Award-winner: Infielder Andy Phillips was presented with the James P. Dawson Award before Thursday's game, an honor given annually to the top rookie in the Yankees' spring camp.
Phillips was presented with the award by Pete Caldera, the chairman for the New York chapter of the Baseball Writers' Association of America. Bubba Crosby received the award last season.
Phillips hit .333 with four home runs and 13 RBIs in 22 games this spring. He is slated to be the starting first baseman at Triple-A Columbus this season.
Oh, yeah, that's some prize Phillips got there. Here's your award for having a nice spring, kid. Now go back to Columbus for the rest of the year. See you in September, maybe.
Another guy caught in the same bit is Buddy Groom, a fellow looking for some of that Jesse Orosco love. Groom had a pretty good spring, also: one run allowed in nine innings. He, too, goes to Columbus, Ohio, because the Yankees' roster resembles a flea market--a bunch of misfit items, most of them old and used. From the right side of the bullpen, you have Tom Gordon, and Paul Quantrill, and Tanyon Sturtze, and Felix Rodriguez and Steve Karsay (not to mention, the vestigial 5th starter the team doesn't need until mid-month), all backing up Mariano Rivera. From the left side, you have Mike Stanton alone patrolling the shores for the likes of David Ortiz and Trot Nixon.
Still, Groom has something I bet Andy Phillips wishes he had: an out. If the Yanks don't call Groom up by May 1, he's free to shop his wares to a team that actually wants a second lefty. Phillips doesn't get that freedom until the Yanks take him off the 40 man roster, or until he runs out of minor league options. The option process has set free Brett Prinz this week, and stands to liberate Alex Graman in the near future. Graman sucked this spring, but at least he got a full try-out, compared to Colter Bean--who got 4 2/3 admittedly crappy innings to show that he wasn't worth the team's attention. Bean struck out 6 batters in that time frame, something which should at least bring some positive attention to the big soft-tosser.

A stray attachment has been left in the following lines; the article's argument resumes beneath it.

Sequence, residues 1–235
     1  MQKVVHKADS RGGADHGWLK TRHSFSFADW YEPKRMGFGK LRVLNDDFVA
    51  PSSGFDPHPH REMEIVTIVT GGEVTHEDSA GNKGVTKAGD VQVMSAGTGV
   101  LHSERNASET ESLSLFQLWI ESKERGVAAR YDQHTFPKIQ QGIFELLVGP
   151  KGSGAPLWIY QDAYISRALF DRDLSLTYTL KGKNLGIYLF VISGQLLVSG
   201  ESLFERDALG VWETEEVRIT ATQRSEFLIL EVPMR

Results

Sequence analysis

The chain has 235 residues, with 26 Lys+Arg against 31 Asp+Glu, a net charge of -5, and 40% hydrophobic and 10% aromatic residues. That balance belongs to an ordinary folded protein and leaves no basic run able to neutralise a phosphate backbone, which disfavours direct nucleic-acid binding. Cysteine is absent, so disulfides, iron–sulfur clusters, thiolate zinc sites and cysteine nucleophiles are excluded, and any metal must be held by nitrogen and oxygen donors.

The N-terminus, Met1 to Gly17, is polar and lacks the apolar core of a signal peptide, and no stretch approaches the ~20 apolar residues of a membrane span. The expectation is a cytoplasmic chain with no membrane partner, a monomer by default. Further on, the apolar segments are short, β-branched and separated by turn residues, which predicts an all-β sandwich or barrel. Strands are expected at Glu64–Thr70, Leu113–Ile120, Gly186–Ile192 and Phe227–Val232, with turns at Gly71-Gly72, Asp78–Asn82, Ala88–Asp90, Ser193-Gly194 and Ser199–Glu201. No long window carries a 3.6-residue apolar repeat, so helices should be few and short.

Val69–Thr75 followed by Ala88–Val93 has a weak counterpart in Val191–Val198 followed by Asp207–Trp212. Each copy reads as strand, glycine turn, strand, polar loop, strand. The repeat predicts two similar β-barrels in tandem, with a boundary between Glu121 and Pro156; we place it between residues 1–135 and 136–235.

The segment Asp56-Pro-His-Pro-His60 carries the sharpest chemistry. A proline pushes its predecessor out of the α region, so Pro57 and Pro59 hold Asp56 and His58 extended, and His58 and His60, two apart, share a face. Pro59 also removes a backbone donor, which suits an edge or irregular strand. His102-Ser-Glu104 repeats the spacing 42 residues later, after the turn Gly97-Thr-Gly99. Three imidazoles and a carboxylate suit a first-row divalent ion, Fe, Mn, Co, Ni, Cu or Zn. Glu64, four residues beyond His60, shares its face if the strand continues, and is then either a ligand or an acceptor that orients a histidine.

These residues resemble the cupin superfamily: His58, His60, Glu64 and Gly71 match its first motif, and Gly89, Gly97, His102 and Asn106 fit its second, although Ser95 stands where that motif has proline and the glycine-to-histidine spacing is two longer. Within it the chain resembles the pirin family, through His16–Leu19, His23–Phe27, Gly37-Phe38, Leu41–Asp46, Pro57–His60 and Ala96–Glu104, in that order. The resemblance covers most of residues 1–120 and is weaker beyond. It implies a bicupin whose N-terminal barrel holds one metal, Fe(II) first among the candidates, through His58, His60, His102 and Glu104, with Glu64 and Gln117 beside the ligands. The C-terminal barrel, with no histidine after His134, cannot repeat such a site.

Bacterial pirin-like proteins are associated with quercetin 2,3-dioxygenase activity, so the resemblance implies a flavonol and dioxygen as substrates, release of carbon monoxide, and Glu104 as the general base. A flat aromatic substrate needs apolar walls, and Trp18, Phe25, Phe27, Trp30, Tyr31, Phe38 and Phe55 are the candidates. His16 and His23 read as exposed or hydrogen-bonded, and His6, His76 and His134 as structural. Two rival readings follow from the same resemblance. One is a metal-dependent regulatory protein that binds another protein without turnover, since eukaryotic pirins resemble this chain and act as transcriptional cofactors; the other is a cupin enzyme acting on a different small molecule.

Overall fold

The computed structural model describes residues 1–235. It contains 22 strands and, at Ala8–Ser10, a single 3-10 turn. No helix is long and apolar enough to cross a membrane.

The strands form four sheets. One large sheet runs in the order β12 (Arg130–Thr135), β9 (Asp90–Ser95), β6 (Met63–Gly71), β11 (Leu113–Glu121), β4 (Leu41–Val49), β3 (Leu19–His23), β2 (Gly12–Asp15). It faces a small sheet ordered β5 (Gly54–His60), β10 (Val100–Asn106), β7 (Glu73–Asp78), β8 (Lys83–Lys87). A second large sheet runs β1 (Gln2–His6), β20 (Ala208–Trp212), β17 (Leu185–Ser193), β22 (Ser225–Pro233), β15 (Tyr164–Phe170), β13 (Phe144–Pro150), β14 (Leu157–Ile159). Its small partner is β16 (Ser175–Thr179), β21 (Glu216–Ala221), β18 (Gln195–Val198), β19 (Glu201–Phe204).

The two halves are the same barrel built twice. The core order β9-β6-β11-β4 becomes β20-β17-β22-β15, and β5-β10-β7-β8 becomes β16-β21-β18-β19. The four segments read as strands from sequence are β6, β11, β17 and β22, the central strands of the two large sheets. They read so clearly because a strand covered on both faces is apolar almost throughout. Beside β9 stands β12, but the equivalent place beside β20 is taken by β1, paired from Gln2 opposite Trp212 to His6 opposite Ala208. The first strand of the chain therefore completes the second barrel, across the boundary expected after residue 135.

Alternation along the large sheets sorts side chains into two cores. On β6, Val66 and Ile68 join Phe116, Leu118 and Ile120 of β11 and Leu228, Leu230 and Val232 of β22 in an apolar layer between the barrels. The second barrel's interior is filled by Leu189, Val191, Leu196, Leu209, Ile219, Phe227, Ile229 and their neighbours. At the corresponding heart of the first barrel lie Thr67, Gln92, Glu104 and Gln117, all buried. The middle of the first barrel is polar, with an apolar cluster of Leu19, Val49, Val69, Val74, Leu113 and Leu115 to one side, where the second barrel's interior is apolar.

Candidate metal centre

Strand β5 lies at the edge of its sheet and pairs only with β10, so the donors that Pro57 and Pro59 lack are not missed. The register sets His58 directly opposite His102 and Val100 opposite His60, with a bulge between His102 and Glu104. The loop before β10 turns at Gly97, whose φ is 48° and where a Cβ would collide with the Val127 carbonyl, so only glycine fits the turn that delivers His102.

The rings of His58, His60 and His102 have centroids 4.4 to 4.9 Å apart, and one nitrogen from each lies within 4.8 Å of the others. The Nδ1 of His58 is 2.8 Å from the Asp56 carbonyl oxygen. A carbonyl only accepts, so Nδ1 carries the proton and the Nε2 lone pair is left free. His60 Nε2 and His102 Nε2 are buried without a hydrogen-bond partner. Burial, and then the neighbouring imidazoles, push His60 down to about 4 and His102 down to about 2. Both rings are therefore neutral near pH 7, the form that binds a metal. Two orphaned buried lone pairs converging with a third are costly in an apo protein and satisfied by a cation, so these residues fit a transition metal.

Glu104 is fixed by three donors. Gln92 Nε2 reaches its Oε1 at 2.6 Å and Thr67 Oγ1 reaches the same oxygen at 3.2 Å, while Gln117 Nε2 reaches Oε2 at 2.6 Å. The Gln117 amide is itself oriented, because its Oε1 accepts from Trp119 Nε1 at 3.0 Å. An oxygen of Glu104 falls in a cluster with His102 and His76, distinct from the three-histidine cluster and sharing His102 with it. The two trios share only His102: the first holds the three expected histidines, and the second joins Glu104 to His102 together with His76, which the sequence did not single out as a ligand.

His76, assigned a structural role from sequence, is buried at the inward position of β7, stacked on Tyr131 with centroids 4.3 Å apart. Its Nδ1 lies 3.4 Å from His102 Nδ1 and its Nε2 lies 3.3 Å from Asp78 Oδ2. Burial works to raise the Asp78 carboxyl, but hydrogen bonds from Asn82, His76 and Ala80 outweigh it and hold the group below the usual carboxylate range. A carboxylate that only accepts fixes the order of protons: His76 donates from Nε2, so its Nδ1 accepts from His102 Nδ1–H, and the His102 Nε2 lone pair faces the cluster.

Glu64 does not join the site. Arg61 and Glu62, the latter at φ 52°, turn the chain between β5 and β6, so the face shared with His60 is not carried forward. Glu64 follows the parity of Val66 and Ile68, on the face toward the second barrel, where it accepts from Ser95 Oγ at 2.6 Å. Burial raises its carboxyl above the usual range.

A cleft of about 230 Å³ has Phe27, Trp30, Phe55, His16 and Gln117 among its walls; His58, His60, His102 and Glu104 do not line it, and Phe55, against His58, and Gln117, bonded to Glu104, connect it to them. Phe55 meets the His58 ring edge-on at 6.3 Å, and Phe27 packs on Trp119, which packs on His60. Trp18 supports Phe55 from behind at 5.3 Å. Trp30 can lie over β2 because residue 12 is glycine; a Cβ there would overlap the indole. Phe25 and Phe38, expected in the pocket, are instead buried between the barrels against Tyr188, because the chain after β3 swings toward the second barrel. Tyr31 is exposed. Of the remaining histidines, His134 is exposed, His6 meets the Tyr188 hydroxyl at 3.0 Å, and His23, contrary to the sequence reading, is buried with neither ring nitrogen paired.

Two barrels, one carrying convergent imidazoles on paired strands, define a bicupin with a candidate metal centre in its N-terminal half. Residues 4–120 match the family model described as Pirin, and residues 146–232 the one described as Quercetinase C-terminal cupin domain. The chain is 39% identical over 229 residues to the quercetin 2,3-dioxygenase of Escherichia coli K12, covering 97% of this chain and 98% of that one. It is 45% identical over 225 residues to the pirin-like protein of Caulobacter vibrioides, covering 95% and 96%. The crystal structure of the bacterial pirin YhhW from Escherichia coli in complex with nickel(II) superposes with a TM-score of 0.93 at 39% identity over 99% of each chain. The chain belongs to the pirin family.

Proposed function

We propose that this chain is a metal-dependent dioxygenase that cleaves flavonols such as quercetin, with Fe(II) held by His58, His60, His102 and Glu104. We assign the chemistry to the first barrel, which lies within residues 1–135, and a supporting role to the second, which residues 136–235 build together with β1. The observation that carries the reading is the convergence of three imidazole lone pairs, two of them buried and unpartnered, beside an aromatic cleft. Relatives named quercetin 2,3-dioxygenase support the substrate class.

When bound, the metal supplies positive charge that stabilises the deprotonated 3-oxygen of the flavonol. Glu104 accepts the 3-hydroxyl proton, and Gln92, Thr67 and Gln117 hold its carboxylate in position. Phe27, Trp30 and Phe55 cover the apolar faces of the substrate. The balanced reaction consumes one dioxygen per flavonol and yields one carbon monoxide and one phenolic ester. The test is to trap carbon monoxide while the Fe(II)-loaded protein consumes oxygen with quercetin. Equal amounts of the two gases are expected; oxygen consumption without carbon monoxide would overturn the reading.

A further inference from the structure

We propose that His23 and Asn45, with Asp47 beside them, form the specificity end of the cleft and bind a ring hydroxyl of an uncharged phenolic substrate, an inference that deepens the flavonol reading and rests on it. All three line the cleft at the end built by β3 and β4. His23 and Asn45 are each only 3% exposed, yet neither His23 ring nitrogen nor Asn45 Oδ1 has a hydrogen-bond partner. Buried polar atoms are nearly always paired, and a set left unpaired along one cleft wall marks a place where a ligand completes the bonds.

But back to the 2005 Dawson Award winner. We were teased with the idea that Phillips would get to platoon with Tino Martinez at first base. There's some logic to this, when you consider what happens to some of the Yankees against a lefty reliever:
RHP 2004 LHP 2004 LHP 2001-2004
Hideki Matsui .977 .776 .745
Jason Giambi .633 .924 .845
Ruben Sierra .791 .703 .685
Tony Womack .757 .655 .602
Tino Martinez .811 .856 .732
Next player on the depth chart when Tony Womack faces a lefty in the late innings? There's Sierra (if he's not already in the lineup) who sucks against lefties, there's Rey Sanchez (.697 over the last 3 years against lefties), there's Tom Flaherty, who's also that vestigial creature--the second catcher you don't dare use lest Jorge Posada get injured.
Given the situation, you could probably find some use for Andy Phillips, who can play at least three infield position, and who has some righthanded pop.
Now, I'm not overselling Phillips--reportedly, his defense at second and third is bad, and his bat isn't proven on the Major League level. Still, he's 28 years old, and he's hit quite a bit at AAA. If he isn't ready to help the ballclub now, when will he be ready?